Comedy is an extremely difficult genre to master and almost every performer feels it is very hard to make the audience laugh. However, it is also very challenging as one man’s joke can be another man’s ordeal and in recent times people are quick to take offence. Jennifer Aniston feels that in today’s times comedy has become a tricky and risky business and said that “comedy has evolved” and said that there is a whole generation of people who are finding her some episodes of her hit sitcom Friends as offensive.
Jennifer, who has been promoting her latest Netflix release, the Adam Sandler comedy-thriller Murder Mystery 2 while speaking during an interview, said that one has to be careful about what they say and how they say it when it comes to the comedy genre. She said, “Now it’s a little tricky because you have to be very careful, which makes it really hard for comedians, because the beauty of comedy is that we make fun of ourselves, make fun of life. (In the past) you could joke about a bigot and have a laugh — that was hysterical. And it was about educating people on how ridiculous people were. And now we’re not allowed to do that.”
She further added and said, “There’s a whole generation of people, kids, who are now going back to episodes of Friends and find them offensive. There were things that were never intentional and others… well, we should have thought it through — but I don’t think there was a sensitivity like there is now. Everybody needs funny! The world needs humor! We can’t take ourselves too seriously. Especially in the United States. Everyone is far too divided.”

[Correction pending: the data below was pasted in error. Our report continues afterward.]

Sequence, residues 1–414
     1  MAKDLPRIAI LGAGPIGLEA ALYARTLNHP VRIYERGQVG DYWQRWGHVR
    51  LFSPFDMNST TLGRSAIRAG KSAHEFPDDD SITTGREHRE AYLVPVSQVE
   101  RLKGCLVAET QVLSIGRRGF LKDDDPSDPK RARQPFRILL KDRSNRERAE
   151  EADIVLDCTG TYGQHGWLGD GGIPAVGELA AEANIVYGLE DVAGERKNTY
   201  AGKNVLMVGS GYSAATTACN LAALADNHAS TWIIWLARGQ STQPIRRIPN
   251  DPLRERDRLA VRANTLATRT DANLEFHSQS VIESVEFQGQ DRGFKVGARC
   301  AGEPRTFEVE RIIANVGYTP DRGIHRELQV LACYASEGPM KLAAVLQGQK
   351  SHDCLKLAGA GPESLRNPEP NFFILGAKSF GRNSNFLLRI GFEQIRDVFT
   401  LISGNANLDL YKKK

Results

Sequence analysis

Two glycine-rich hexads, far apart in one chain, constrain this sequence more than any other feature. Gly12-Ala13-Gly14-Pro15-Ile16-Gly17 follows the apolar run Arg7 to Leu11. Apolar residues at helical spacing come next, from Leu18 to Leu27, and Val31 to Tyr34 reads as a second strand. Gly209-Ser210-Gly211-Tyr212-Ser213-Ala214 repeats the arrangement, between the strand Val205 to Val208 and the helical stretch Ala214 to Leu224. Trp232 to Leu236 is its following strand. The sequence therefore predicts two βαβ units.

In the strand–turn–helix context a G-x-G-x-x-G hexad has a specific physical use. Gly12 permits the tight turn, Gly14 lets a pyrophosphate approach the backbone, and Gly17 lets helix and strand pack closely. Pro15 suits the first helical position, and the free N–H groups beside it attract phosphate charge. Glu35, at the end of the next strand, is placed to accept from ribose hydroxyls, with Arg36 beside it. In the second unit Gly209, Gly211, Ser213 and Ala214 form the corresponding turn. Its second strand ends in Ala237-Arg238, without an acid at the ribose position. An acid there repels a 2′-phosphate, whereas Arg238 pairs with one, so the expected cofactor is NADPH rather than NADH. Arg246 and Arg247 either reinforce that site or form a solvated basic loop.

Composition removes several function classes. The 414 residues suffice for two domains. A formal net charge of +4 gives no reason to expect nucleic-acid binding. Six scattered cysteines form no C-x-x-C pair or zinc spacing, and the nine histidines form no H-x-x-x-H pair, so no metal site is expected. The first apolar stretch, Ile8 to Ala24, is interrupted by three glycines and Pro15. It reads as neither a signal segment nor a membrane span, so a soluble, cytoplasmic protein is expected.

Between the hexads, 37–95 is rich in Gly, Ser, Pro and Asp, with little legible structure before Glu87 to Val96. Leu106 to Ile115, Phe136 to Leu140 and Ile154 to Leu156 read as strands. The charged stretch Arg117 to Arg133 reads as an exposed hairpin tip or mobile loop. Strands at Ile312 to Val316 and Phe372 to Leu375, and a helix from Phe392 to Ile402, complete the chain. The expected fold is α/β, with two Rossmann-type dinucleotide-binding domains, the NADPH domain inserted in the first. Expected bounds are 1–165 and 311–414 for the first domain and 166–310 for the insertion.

In the recent years, Friends has been called out for its lack of diversity. The sitcom ran from 1994 to 2004 and starred Jennifer, Lisa Kudrow, Courteney Cox, Matthew Perry, David Schwimmer and Matt LeBlanc. All six main characters in the show were white and the series rarely featured actors of colour in prominent roles across 10 seasons and 236 episodes. Lauren Tom, Gabrielle Union, Mark Consuelos and Craig Robinson appeared on the show in small supporting roles, while Aisha Tyler, the most prominent actor of color featured on the series, only starred in nine episodes.